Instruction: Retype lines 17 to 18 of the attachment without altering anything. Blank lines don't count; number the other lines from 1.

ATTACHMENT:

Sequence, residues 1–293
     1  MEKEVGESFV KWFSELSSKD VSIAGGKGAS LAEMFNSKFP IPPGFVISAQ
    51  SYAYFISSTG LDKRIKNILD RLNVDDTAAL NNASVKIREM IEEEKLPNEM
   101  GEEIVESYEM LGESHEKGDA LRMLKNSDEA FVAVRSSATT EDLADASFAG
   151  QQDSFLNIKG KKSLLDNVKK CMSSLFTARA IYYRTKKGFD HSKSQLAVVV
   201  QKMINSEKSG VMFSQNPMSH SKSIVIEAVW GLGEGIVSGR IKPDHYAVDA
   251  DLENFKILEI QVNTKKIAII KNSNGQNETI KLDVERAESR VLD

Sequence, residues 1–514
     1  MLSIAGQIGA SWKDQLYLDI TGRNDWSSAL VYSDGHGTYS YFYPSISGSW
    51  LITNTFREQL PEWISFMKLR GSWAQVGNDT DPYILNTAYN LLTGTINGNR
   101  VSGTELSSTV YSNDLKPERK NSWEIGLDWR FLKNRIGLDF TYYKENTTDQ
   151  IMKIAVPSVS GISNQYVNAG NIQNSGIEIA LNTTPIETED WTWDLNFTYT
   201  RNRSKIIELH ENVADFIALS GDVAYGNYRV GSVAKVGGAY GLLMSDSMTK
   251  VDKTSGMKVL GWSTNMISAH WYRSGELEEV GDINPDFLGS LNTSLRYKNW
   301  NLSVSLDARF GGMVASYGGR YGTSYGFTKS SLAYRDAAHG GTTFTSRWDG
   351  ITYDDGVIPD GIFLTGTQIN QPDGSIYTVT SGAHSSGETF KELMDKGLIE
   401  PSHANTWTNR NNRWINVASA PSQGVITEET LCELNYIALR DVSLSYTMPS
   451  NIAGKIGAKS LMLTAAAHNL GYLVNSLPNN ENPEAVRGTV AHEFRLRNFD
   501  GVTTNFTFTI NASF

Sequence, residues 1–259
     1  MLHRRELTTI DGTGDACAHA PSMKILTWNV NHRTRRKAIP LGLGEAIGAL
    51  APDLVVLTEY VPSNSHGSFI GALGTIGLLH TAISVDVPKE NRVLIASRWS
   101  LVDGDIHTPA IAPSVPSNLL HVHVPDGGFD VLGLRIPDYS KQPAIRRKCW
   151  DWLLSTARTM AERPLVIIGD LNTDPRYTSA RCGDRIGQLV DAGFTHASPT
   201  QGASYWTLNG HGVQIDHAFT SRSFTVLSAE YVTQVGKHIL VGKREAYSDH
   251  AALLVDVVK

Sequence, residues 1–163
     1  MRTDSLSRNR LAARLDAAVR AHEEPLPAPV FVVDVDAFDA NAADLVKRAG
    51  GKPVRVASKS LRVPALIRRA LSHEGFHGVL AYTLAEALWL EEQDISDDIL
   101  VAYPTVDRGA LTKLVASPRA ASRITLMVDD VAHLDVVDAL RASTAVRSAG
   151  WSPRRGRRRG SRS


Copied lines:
   401  PSHANTWTNR NNRWINVASA PSQGVITEET LCELNYIALR DVSLSYTMPS
   451  NIAGKIGAKS LMLTAAAHNL GYLVNSLPNN ENPEAVRGTV AHEFRLRNFD